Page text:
The Muslim Ottoman Turks penetrated into eastern Europe as far north as Poland, and into Russia all the way to St. Petersburg, where there is still today a large, active mosque.
Arab naval raiders reached England, the west coast of Europe and even Iceland. For hundreds of years Islamic civilization was the historical pinnacle of world history in almost every category and was far more religiously tolerant than Christendom, especially for Jews and sectarian Christians. The West was almost constantly on the defensive; the cultural and religious survival of Europe was, as Wellington would later describe Waterloo, a close-run thing.
It was fashionable for awhile after Sept. 11's infamy to blame the East’s hatred of the West on the Crusades. The Crusades were a series of eight major invasions by European armies of near-Eastern lands that occurred intermittently from 1095-1291. Their main focus was wresting Jerusalem from Muslim control, in which they were successful for awhile. The Crusaders established kingdoms in Syria and Palestine, but these were small and penetrated no more than about fifty miles into Arab lands.
At their end, as Princeton University's Professor Bernard Lewis has pointed out, the Crusades ended in the defeat of the Crusaders; the Crusades were a Muslim victory. By 1300, Muslim armies were so decisively victorious in the Middle East that European armies did not return for five hundred years, when they were much more successful due to technological advantage and their own modern economies.
The present-day effects of the Crusades are debated among historians. Karen Armstrong made a strong case in Holy War: the Crusades and Their Impact on Today's World that Europeans after the Crusades saw Islam as "the irreconcilable enemy of Western civilization" and that the "hatred and suspicion" of the Christian West by Muslims engendered by the Crusades "still reverberates," including specifically in the 9/11 attacks.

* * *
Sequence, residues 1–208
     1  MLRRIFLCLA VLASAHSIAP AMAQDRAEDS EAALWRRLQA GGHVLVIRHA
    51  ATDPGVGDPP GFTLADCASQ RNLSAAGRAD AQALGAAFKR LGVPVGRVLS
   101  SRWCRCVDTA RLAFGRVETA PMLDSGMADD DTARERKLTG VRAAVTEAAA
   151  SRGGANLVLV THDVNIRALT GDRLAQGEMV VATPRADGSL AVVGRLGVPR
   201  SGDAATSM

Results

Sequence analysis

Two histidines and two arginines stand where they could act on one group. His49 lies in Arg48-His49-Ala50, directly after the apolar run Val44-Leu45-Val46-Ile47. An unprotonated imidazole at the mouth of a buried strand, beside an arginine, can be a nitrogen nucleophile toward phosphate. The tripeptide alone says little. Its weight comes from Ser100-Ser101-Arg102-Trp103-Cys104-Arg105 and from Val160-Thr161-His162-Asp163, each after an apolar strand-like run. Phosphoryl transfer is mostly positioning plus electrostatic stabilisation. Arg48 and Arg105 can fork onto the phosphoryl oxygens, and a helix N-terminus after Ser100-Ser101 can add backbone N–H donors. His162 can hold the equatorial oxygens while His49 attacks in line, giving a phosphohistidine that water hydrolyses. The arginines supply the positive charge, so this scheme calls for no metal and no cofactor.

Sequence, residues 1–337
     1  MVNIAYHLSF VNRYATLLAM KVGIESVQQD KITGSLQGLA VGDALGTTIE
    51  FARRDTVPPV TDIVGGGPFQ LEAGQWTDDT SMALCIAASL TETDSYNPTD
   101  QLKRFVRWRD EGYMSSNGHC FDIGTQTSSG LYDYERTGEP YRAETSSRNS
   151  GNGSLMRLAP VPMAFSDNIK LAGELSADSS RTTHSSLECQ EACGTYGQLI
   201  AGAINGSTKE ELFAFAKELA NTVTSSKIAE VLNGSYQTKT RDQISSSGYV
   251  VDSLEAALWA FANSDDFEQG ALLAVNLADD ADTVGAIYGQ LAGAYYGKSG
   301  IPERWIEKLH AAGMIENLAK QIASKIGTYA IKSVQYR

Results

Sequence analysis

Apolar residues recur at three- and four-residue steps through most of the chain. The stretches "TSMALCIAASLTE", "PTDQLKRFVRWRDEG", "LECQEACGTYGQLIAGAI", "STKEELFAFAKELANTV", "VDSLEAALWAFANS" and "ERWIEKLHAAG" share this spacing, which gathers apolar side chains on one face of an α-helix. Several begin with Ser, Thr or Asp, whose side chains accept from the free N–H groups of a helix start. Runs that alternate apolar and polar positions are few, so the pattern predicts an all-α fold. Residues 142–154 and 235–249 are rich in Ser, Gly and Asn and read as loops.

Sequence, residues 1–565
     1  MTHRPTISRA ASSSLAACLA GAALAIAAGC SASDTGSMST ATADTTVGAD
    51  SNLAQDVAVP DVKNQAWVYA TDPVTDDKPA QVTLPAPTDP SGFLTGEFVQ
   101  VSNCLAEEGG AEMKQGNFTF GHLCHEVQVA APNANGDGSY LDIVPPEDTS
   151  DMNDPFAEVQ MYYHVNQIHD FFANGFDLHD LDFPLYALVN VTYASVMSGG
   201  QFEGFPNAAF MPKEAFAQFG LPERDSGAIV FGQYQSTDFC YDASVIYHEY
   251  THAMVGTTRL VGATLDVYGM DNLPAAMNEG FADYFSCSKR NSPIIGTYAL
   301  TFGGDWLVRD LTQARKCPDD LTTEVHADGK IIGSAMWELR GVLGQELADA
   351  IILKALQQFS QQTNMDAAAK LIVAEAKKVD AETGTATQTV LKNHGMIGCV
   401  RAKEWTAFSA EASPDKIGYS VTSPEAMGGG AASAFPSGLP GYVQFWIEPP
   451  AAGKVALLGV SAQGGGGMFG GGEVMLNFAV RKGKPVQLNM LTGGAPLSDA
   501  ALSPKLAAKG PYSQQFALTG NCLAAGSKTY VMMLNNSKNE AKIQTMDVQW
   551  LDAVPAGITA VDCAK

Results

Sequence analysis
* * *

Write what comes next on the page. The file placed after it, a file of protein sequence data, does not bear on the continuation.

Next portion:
Osama bin Laden has repeatedly referred to Western powers, especially the United States, as "Crusaders." He has called the American military response to Islamist terrorism a new Crusade against Islam. Yet he has not said that his campaign of terror is intended to avenge the Crusades. His objective is to inculcate Islamism in Muslim countries today, not seek revenge for a series of battles beginning almost a millennium ago.
Professor Thomas Madden wrote in “Crisis” in April 2002 that although scholars are still working out the truth about the Crusades, "much can already be said with certainty":                
For starters, the Crusades to the East were in every way defensive wars. They were a direct response to Muslim aggression – an attempt to turn back or defend against Muslim conquests of Christian lands. ...
With enormous energy, the warriors of Islam struck out against the Christians shortly after Mohammed’s death. They were extremely successful. ... The old Roman Empire, known to modern historians as the Byzantine Empire, was reduced to little more than Greece. In desperation, the emperor in Constantinople sent word to the Christians of western Europe asking them to aid their brothers and sisters in the East.
That is what gave birth to the Crusades. They were not the brainchild of an ambitious pope or rapacious knights but a response to more than four centuries of conquests in which Muslims had already captured two-thirds of the old Christian world. At some point, Christianity as a faith and a culture had to defend itself or be subsumed by Islam. The Crusades were that defense.[10]
After the last Crusade was vanquished, the Islamic caliphate counter-attacked. In 1480, Sultan
Sultan Mehmed II